Mona’s Beauty Bag

Hi guys!

Long time! Well, a great way to break my blogging hamoshi (silence) is by introducing you to my fellow blogger Mona and her fun blog, Mona’s Beauty Bag! Mona’s been obsessed with beauty products since forever, and for those brides shopping for their jahez (bridal trousseau) what could be better than checking out some real girl product reviews?! Mona interviews girls and asks them one key question: “what’s in your beauty bag?” Recently, she featured me in her blog and I dished about the products that I can’t live without! (Shout out Vichy concealer and Laura Mercier tinted moisturizer!) You can read more here:

http://monasbeautybag.com

What are your favourite beauty products?!

– Safa

How to Choose a Wedding Venue!

Hi Guys,

I thought I would share an article that I wrote for Suhaag magazine (published in October 2011) about how to choose a wedding venue. The article was inspired by my own frustrations in trying to find a wedding venue (balancing cost, capacity, and venue uniqueness). I’m republishing it below; hope those in the preliminary stages of wedding planning find it helpful!
– Safa

How to decide on a perfect venue

Booking the venue. It’s the first thing you want to do after flaunting your rock to everyone and their mom. And as I’m finding out, it’s easier said than done. (The venue search that is; showing off the rock is under control!).
A desi shaadi brings its own unique set of considerations which makes finding the perfect venue so challenging.  These considerations – venue style (ideally unique); capacity (most likely large); food (preferably desi); and cost (lower the better) — become very connected.

Venue Woes

After some initial research, you realize that most of the unique, non-desi wedding venues have a capacity for less than 250, which would be fine… if you decided to not invite half your family. Where capacity isn’t an issue, food might be. You’ll either have to choose from a caterer who is on the venue’s ‘preferred supplier’ list, or their in-house catering. The menu prices for these packages can range from $75-$250, which for the desi shaadi is high, especially if you’re dealing with a large guest list. As an alternative, some venues may allow outside catering, which is great because you can bring in your own community’s caterer (read: desis want desi food). However, while you may be saving on the food costs, many places will charge you a base rental fee or a per person ‘service’ charge (which can range from $20-80), as well as other fees such as, per person bar charge, security fee, SOCAN charge, etc. etc. etc.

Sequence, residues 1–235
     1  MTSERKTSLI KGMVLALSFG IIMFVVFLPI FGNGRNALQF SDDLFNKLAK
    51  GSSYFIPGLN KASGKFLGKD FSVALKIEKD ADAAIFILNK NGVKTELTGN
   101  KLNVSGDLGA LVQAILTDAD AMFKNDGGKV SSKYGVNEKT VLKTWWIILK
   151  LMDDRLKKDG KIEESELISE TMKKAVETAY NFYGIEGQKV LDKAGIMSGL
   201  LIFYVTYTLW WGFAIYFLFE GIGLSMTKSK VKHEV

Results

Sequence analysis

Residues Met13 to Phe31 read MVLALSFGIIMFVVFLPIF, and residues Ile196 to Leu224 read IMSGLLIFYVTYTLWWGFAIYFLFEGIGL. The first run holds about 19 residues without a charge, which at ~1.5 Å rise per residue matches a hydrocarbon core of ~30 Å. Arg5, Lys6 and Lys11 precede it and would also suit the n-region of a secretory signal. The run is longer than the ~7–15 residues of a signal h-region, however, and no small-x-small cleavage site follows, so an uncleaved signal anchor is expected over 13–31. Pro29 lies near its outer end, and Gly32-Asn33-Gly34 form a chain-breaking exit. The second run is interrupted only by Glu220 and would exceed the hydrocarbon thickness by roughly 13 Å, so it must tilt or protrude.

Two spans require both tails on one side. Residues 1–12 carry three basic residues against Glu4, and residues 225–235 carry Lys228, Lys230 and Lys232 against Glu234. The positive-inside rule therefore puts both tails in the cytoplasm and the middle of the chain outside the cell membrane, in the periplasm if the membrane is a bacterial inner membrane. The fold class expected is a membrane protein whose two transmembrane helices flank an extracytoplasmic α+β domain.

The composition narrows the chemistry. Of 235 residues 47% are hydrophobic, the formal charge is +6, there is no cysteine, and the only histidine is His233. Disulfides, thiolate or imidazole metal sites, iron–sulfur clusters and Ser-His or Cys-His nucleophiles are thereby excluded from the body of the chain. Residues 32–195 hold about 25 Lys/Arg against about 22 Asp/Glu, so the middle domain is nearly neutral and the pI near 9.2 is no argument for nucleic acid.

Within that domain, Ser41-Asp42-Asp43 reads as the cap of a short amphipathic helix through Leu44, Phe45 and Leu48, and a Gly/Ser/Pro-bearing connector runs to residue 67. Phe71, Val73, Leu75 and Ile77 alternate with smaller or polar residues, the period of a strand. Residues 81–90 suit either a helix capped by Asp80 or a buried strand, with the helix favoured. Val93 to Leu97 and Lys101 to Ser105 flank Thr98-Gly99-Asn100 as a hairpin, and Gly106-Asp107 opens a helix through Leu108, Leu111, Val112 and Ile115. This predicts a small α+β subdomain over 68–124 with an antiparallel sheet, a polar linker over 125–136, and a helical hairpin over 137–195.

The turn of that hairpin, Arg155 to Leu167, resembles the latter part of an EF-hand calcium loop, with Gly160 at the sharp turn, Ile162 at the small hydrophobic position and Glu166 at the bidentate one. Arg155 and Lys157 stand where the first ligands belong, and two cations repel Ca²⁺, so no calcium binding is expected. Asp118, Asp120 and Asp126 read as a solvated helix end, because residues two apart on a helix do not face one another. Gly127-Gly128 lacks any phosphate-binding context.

Wedding Planner to Bride

So how does one navigate these nuptial terrains? Suhaag sought the expertise of Raana Chaudhry, a woman who has planned not one, but 251 weddings (including her own), as a Wedding Planner with her company Sapna Weddings. The best venue advice she has? “Do your due diligence ahead of time” says Chauhdry. “As opposed to visiting 15-20 halls, think about all the criteria that is important to you – capacity, food, price – list out what that criteria is and call up places that you’re interested in. You don’t need to go see 15-20 venues, you only need to go see 5.  It’s quite simple actually.”